When compared to the rest of the league, Portland Trail Blazers road broadcasts will have a noticeably different feel to them during the 2022-23 NBA season. It was announced on Thursday that the Blazers will not be sending either their television or radio announce teams on road trips, instead opting to have them announce the games remotely.
During his show on 620 Rip City Radio in Portland, host Chad Doing mentioned that he had heard that the announcers would not go on the road with the Blazers. His co-host, Dwight Jaynes, then confirmed the report.
“I have confirmed from several sources that that is the plan for the Trail Blazers,” Jaynes said. “That they will not be sending radio or television on the road with their team. Also, what I’ve heard and I’ve tried to check this out, I have not found any other team in the league that’s doing this. I believe they may be the only team in the league doing it — when they’re on the road. And I just think that’s really unfortunate and difficult.”
Jones added that “although all the broadcasters will enjoy more time at home, they did not ask for this.”
I have been told that although all the broadcasters will enjoy more time at home, they did not ask for this. https://t.co/7cYkEzmXvB
— Dwight Jaynes (@dwightjaynes) August 18, 2022
This was common during the height of the COVID-19 pandemic. There was concern about keeping numbers in traveling parties down. So, announcers didn’t make road trips. Temporarily, it worked OK. But there’s a reason that as restrictions begin to lift, teams started to send full crews on road trips. Logistically speaking, it’s a much better broadcast.
In a game during the 2021 MLB season, New York Yankees announcer John Sterling called a home run that was, in fact, a replay from a previous game. And while Sterling is known for making the occasional gaffe, this one wasn’t his fault. He wasn’t in the stadium and was completely at the mercy of what was being shown on his monitor. Since what was on his monitor was the same two teams in the same stadium as the game he was calling live, he had no reason to think it was a replay.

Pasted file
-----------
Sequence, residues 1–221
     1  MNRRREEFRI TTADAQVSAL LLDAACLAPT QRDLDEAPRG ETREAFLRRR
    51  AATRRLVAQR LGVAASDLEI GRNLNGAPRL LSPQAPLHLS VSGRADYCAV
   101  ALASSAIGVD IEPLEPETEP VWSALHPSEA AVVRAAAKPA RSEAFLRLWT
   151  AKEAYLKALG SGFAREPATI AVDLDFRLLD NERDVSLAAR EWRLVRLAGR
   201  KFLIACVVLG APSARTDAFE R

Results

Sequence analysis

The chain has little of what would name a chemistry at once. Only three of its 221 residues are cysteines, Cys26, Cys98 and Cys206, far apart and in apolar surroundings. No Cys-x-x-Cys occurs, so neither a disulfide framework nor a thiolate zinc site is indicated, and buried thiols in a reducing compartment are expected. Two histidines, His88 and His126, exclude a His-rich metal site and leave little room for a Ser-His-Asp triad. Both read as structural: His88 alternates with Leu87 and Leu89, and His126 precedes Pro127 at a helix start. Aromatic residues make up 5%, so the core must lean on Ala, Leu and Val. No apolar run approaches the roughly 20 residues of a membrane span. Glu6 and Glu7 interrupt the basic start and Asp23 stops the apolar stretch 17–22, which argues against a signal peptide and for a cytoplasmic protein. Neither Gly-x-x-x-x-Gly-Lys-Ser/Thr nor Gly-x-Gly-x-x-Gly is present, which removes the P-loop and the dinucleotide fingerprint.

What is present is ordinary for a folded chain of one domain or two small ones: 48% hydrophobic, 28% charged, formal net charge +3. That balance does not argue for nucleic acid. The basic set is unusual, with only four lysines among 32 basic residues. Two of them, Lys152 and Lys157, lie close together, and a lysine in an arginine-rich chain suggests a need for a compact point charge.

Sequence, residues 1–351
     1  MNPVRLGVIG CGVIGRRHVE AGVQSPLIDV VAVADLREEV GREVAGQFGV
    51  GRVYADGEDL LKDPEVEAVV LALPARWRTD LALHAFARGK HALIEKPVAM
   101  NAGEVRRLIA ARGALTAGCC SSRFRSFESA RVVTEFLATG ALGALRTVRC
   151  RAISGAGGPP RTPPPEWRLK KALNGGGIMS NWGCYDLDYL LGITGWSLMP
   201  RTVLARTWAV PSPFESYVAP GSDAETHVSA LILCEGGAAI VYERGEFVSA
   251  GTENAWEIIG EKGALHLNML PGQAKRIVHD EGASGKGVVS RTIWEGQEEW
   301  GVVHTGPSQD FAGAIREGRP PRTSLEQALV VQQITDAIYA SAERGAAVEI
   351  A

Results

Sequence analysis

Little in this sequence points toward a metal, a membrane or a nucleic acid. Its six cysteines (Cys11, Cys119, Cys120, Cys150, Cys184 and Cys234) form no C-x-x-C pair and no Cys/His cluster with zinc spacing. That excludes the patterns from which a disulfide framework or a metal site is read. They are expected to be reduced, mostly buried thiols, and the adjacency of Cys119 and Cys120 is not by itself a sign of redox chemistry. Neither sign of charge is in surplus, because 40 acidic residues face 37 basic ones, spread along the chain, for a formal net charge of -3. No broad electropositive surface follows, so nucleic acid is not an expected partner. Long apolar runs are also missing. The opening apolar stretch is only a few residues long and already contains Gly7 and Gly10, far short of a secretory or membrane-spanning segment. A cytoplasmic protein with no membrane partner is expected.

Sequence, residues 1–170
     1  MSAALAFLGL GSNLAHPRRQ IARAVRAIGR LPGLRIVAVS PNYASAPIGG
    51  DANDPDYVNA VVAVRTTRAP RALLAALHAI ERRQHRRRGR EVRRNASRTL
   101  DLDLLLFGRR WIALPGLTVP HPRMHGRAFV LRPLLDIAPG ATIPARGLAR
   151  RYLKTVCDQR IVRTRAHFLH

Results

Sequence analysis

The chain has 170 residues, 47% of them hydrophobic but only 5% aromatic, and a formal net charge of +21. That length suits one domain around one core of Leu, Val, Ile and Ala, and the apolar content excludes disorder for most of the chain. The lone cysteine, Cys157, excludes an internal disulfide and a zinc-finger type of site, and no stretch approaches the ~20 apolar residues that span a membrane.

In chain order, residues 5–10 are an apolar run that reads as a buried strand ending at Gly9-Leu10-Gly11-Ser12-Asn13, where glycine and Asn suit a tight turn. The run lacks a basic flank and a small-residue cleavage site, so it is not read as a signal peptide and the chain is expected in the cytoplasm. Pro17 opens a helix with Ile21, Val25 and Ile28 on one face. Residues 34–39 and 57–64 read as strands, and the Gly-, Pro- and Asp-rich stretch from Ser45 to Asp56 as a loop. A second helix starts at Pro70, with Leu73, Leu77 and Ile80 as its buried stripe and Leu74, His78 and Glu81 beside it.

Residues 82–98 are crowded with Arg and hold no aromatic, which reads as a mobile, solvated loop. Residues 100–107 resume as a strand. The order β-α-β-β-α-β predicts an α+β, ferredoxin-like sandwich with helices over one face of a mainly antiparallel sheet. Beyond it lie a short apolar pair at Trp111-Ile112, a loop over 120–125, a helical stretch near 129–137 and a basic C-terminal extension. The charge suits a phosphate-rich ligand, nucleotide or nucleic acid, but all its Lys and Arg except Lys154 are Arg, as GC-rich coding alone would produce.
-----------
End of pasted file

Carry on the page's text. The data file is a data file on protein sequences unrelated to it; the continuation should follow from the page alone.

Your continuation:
Additionally, if broadcasters aren’t on location when calling games, they don’t get a full picture of what’s happening. They can see a player drive to the hoop. They can’t necessarily see his teammate sneaking out to the three-point line as the play develops.
Furthermore, a remote crew is at the mercy of the home team’s director and cameramen. An audience in Portland might prefer to see shots of the Blazers bench during a time-out. The crew in Los Angeles, though, would naturally be more focused on LeBron James and company.
The sole advantage here is that it cuts costs. But given the value of the franchise, that shouldn’t be such a necessity. The goal should be to provide the best broadcast possible — as long as it can be done in a safe way. Unfortunately, that doesn’t seem to be the objective with this move.